Thus, two main concerns always must remain at the forefront of the scientific and legal community’s conscience when conducting such sample comparisons.72 First, laboratories must remain unadulterated and impeccable because careless mistakes and sloppiness easily can create paramount errors.73 Second, scientists need to make clear to the legal community exactly what these tests do and do not prove.74 For example, before using samples to determine the likelihood of guilt, the proper weight must be applied to apparent matches.75 Some sequences are more rare than others and, therefore, some matches are more common than others.76 Usually the frequency of different DNA sequences varies across the population.77 Thus, some results of DNA comparisons or DNA fingerprinting can be inconclusive while others can be conclusive with no evidentiary value and still others can be conclusive and relevant to innocence or guilt.78

[*PG349] Technology has developed three main types of DNA testing that are widely used for both science and legal identification purposes.79 Each testing protocol differs slightly and each has its own pros and cons.80 Therefore, circumstances, such as the age, size, and handling of the sample, determine what type of testing is used.81

1.  Restriction Fragment Length Polymorphism Testing

The first type of testing that has been widely used by forensic scientists for legal identification purposes is known as Restriction Fragment Length Polymorphism Testing (RFLP).82 This procedure was developed by Professor Sir Alec Jeffreys and was first reported in 1985.83 RFLP testing is generally accepted by the courts in the United States and has resulted in a number of post-conviction exonerations.84

The RFLP testing process generally follows the guidelines discussed above but it does not actually “read” the sequence repetitions.85 Instead, it isolates certain areas of repetition and essentially measures the length of these sections.86 The lengths are then recorded as bar codes and compared between samples as discussed above.87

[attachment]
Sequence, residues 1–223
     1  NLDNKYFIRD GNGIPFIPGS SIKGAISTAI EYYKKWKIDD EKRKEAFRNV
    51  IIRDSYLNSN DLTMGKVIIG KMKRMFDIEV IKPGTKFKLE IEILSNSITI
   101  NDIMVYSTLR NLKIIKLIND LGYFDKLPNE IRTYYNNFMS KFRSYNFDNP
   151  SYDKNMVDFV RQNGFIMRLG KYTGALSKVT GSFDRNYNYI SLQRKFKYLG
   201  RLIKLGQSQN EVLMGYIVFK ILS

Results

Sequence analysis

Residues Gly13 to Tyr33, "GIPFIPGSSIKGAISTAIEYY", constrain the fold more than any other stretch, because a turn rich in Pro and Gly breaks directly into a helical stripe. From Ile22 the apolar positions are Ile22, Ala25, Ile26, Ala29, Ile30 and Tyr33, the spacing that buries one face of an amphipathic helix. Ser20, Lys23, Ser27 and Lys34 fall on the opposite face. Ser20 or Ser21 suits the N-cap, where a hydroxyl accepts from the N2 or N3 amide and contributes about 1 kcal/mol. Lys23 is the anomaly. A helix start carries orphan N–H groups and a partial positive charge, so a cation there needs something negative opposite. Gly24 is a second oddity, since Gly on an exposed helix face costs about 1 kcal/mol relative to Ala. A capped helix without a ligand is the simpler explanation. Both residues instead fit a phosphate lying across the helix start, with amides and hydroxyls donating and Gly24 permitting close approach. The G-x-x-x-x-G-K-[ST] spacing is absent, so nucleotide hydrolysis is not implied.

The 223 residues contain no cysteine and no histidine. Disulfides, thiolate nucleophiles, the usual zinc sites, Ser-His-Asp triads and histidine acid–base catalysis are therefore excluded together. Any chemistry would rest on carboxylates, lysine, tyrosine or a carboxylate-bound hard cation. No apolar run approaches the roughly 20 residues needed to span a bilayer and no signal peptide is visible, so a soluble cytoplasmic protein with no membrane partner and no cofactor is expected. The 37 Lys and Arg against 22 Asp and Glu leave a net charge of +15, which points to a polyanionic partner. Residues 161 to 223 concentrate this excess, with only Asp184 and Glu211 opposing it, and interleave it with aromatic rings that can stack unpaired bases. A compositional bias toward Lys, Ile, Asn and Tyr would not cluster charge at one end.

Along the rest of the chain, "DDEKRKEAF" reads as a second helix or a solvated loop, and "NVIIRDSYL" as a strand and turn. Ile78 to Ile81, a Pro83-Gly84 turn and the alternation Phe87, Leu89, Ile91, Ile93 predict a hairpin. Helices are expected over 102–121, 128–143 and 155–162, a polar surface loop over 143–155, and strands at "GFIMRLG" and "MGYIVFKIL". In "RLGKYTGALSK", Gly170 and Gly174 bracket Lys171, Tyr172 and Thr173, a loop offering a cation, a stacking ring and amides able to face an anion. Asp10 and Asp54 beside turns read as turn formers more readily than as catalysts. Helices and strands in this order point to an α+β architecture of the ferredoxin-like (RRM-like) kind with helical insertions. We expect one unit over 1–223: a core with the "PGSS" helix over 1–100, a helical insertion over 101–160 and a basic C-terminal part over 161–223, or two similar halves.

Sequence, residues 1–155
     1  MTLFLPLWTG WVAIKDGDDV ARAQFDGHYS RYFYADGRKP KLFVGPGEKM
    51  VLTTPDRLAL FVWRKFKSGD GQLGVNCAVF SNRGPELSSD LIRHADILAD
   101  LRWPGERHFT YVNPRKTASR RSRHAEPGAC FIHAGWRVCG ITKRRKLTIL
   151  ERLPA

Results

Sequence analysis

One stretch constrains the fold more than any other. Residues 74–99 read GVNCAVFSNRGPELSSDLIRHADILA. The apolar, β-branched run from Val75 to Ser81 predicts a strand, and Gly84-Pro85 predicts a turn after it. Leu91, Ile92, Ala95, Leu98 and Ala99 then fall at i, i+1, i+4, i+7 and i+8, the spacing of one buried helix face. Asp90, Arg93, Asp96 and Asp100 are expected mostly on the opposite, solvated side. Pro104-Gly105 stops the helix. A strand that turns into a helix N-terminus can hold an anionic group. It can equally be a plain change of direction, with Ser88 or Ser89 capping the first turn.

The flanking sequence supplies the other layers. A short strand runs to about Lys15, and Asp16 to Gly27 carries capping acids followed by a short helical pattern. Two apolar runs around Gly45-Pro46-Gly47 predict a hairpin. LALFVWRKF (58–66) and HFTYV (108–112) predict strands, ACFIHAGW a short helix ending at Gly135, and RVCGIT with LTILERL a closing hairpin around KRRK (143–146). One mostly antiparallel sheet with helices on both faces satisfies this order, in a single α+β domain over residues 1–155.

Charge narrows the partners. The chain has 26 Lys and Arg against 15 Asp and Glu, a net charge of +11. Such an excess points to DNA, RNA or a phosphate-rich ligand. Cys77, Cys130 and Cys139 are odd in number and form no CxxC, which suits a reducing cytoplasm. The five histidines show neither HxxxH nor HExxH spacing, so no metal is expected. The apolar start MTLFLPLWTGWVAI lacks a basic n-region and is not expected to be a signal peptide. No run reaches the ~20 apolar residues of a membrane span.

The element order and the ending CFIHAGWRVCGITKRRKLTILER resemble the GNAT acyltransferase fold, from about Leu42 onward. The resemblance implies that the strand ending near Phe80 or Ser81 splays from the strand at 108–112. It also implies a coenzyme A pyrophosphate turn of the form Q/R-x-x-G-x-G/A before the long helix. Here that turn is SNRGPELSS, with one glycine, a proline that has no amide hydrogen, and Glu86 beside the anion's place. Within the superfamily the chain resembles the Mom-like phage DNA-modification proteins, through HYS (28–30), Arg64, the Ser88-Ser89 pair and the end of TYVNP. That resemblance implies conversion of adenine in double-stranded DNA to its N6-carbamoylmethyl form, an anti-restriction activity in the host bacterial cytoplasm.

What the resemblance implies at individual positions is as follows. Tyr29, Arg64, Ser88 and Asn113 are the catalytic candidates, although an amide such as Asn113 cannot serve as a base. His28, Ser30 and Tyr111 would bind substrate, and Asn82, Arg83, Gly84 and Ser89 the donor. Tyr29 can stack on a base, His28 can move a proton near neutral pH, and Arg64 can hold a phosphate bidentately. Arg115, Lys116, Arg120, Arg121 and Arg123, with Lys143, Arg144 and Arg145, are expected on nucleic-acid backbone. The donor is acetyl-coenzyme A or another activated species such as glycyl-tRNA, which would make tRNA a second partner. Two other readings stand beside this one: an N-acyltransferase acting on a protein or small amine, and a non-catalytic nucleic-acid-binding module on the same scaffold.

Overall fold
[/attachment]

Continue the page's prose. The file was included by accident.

RFLP testing is best used on large, unadulterated or untarnished samples.88 Many samples collected from crime scenes, therefore, are too small for such testing.89 In addition, samples that are too old can [*PG350]start to decompose and become less pristine.90 Thus, older or smaller samples are better suited to other types of testing.91 When RFLP testing is plausible, however, it is very discriminate.92 Thus, samples appropriately subjected to RFLP testing can result in statistically strong exclusions and inclusions even when only testing a few DNA regions.93

2.  Polymerase Chain Reaction Testing—Nuclear DNA

Because of the sample limitations of RFLP testing, another type of testing, known as Polymerase Chain Reaction Testing (PCR), has become the most widely used technique in the field of molecular biology.94 PCR was first developed by Dr. Kary Mullis at Cetus Corporation in 1984.95 It was first used in the area of criminal identification in 1986.96 Like RFLP testing, PCR is also accepted by the courts and has resulted in a number of post-conviction exonerations.97

Unlike RFLP testing, however, PCR testing can be done on smaller and less pristine samples.98 Small samples can be subjected to PCR testing because sample amplification is part of the process.99 Essentially specific regions of DNA are copied using an enzyme called Taq polymerase and then are compared in a type of bar code format.100 Like RFLP testing, an exclusion is generally considered dispositive, however an inclusion is less discriminate.101 Therefore, in [*PG351]order to have a more statistically strong inclusion, PCR testing needs to be conducted at a number of sites along the DNA strand.102

3.  Polymerase Chain Reaction Testing—Mitochondrial DNA

Finally, a third type of testing has emerged that can be used on extremely old or damaged samples.103 Traditional RFLP and PCR testing is done on DNA found in the nucleus of the cell.104 However, PCR testing can also be done on DNA found in the mitochondria of a cell (MtDNA).105 Because the DNA does not come from the nucleus, this testing can be done on samples from dried bones, teeth, hair shafts, or any other sample that contains very little or highly degraded nuclear DNA.106

PCR testing on MtDNA is not as widely used as traditional nuclear DNA testing and only a limited number of laboratories are able to conduct such tests.107 MtDNA testing has, however, been used in a number of court cases in the United States.108 Usually MtDNA testing is used to link a sample to a particular family since mitochondria is passed from a mother to her offspring.109

B.  DNA Revolution